In a bowling center, the responsibility for checking and "signing off" on a line item would probably lie exclusively with the head mechanic. Cross knowledge about front end operations may be signed off by the general manager, or a front end trainer. The final qualification signature could come from the General Manager, or maybe a Regional Manager depending on the size and scope of your respective company. The main point with all of this is that there would be documented, specific knowledge that everyone should know. You could have a Qual Card for your type of lane machine, another for the pinsetters, another for pulling and reading lane tapes, safety precautions associated with pinsetters, and so on. It doesn't have to be elaborate, but it can be comprehensive, documented, and accountable for the knowledge that you want everyone in the company to have. If a governing body was established for mechanics, then they could even come up with the Qual Cards and distribute them to head mechanics. They could determine whether or not a head mechanic possesses enough knowledge to be certified as a card signer. People in qualifications could be required to do a phone interview or teleconference as their final oral board to become certified. Or, they could actually go to a testing center to become certified. There could be quarterly or semi-annual test dates in which everyone who is ready to advance will have to show up and prove their knowledge through oral boards, written exams, and hands on exercises to prove their worthiness in advancing to the next level. There is so much that can be done with this system, but it is only one way. I am sure that there are many others, and hopefully we can determine the best way for bowling center mechanics to move forward with the highest standards of professional knowledge and achievement possible.

                      Comment


                      • #12
                        Re: Pinchaser Training

                        One more thing to touch on is that this system makes everyone in the chain of command accountable for the qualification of a new mechanic. More specifically, when a senior person signs off on your qualification, they are saying that they stand behind you, and they know that you will act responsibly and professionally in all situations. For example, if you have a Safety Qual Card that covers lockout boxes, then when everyone signs off on the qualification, they are saying that they know that you will always use the lockout boxes in accordance with the safety procedures that have been set forth in the company. This is a powerful idea. In the Navy, I was certified by the Commanding Officer himself for a couple of my highest qualifications. In doing so, it held him accountable for my actions. I actually had to do the final oral board with him because he had to know first hand that I was ready to take on the responsibility of my new qualification. It sounds crazy, but it is true. If I made a big mistake, then he would pay an extremely high penalty. Even losing his command. The stakes are usually not as high in bowling centers, but we have seen and heard many stories about mechanics being injured and killed. We can never train enough, and we can never know all that we need to know.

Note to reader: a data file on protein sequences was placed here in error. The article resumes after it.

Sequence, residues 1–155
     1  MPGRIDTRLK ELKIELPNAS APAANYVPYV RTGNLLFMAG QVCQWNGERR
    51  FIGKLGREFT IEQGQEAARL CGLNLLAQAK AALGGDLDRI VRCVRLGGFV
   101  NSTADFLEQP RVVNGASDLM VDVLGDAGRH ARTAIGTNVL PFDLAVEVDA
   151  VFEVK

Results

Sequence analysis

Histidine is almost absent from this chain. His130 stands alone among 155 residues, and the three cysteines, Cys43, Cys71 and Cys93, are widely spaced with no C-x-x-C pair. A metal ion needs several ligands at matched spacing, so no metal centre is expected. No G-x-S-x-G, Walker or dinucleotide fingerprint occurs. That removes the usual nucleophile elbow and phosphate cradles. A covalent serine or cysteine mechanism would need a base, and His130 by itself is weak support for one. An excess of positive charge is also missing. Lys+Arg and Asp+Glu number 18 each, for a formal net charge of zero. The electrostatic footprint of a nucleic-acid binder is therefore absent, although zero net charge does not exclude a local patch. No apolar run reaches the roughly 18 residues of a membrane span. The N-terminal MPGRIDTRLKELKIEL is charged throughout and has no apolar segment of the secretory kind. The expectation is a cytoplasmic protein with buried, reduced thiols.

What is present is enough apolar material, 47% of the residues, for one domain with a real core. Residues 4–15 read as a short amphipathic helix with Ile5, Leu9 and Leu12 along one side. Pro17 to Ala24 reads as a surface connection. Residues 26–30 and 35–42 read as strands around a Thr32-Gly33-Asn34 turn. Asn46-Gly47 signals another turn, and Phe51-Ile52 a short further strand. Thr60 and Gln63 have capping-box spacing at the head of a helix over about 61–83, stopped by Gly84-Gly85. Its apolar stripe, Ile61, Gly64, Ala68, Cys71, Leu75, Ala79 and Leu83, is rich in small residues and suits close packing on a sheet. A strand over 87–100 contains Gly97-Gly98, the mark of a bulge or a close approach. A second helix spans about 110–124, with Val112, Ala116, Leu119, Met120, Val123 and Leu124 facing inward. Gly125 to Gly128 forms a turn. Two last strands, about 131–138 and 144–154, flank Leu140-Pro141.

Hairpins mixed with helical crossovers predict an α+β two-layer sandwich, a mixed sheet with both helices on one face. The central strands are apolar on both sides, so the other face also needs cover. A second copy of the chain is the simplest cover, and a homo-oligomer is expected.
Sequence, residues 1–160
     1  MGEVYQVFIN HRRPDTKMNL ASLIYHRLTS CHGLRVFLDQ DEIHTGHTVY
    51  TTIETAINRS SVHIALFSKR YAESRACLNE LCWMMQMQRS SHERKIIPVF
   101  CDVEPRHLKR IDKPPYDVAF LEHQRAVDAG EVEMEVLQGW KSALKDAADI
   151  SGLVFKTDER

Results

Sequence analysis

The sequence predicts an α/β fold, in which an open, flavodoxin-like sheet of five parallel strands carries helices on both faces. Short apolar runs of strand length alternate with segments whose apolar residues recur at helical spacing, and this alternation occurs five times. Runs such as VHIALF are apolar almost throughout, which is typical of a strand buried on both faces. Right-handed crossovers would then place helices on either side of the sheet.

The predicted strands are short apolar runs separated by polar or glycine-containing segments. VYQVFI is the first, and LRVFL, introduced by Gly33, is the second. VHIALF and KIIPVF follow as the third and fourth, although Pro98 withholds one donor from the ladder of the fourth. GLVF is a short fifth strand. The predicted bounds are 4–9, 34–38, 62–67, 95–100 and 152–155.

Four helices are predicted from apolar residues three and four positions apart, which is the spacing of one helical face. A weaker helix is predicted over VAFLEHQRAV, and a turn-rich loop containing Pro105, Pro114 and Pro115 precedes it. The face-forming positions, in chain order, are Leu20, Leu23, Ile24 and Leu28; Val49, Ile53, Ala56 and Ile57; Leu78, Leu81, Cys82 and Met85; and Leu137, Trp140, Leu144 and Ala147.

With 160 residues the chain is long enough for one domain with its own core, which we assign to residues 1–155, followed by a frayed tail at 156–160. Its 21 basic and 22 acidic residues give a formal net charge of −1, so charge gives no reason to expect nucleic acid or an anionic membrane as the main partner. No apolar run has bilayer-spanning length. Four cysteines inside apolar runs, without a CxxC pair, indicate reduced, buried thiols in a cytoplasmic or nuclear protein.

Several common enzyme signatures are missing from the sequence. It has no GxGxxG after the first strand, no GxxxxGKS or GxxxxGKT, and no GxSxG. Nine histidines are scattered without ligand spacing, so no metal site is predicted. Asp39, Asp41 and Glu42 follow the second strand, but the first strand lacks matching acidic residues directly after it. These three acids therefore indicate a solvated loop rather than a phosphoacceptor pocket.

Comment


                        • #13
                          Re: Pinchaser Training

                          I have about 4 of Brunswicks video's and it would be nice if we could find a way to put them on this site for viewing. It would be great for newbies and I think all could benefit from it, since we would not be selling it I don't see any problems but I am sure Mike knows more about that one.
                          Drill

                          David Bolt
                          Champaign, IL
                          USBC Silver Coach
                          IBPSIA BOD
                          IBPSIA Advanced
                          Technical Certified
                          Pro Shops

                          Comment


                          • #14
                            Re: Pinchaser Training

                            Generaly 'rebroadcasting in any form' is still considered a copyright infringment, but it would be an awsome idea if there was a legal way to do it. I would wonder if maybe BRunz. may give consent?? might be worth following up on.

                            Comment


                            • #15
                              Re: Pinchaser Training

                              Along the lines of Drills idea...what if we made our own video? Then there would be no copyright issues. We could fashion them along the lines of the Brunswick versions or we could just come up with our own. Wouldn't have to be professionally done I don't think. Just somebody with a camcorder and a script...both machine types to use as examples and start rolling. What do you think?
                              TSM & TSM Training Development
                              Main Event Entertainment
                              480-620-6758 for help or information

                              Comment